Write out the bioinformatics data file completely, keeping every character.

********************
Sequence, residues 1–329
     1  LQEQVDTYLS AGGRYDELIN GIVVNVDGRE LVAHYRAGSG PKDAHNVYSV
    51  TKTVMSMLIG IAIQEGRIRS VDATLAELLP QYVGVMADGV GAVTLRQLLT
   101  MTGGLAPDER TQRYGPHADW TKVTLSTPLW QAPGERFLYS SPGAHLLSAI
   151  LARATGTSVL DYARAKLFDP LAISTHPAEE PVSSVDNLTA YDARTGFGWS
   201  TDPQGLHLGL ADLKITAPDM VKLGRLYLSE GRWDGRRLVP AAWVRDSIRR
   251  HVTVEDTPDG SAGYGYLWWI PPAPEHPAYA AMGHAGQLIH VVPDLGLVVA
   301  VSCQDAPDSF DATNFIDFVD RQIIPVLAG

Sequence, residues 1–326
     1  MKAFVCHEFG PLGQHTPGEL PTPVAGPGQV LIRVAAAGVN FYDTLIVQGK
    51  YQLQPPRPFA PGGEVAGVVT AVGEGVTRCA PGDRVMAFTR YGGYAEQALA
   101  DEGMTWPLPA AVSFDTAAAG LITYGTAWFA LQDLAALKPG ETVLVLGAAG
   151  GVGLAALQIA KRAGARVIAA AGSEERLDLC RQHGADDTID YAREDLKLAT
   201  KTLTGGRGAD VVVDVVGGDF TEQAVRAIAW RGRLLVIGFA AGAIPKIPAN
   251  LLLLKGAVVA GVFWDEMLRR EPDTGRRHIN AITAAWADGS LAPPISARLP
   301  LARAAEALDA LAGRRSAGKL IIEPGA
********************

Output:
Sequence, residues 1–329
     1  LQEQVDTYLS AGGRYDELIN GIVVNVDGRE LVAHYRAGSG PKDAHNVYSV
    51  TKTVMSMLIG IAIQEGRIRS VDATLAELLP QYVGVMADGV GAVTLRQLLT
   101  MTGGLAPDER TQRYGPHADW TKVTLSTPLW QAPGERFLYS SPGAHLLSAI
   151  LARATGTSVL DYARAKLFDP LAISTHPAEE PVSSVDNLTA YDARTGFGWS
   201  TDPQGLHLGL ADLKITAPDM VKLGRLYLSE GRWDGRRLVP AAWVRDSIRR
   251  HVTVEDTPDG SAGYGYLWWI PPAPEHPAYA AMGHAGQLIH VVPDLGLVVA
   301  VSCQDAPDSF DATNFIDFVD RQIIPVLAG

Sequence, residues 1–326
     1  MKAFVCHEFG PLGQHTPGEL PTPVAGPGQV LIRVAAAGVN FYDTLIVQGK
    51  YQLQPPRPFA PGGEVAGVVT AVGEGVTRCA PGDRVMAFTR YGGYAEQALA
   101  DEGMTWPLPA AVSFDTAAAG LITYGTAWFA LQDLAALKPG ETVLVLGAAG
   151  GVGLAALQIA KRAGARVIAA AGSEERLDLC RQHGADDTID YAREDLKLAT
   201  KTLTGGRGAD VVVDVVGGDF TEQAVRAIAW RGRLLVIGFA AGAIPKIPAN
   251  LLLLKGAVVA GVFWDEMLRR EPDTGRRHIN AITAAWADGS LAPPISARLP
   301  LARAAEALDA LAGRRSAGKL IIEPGA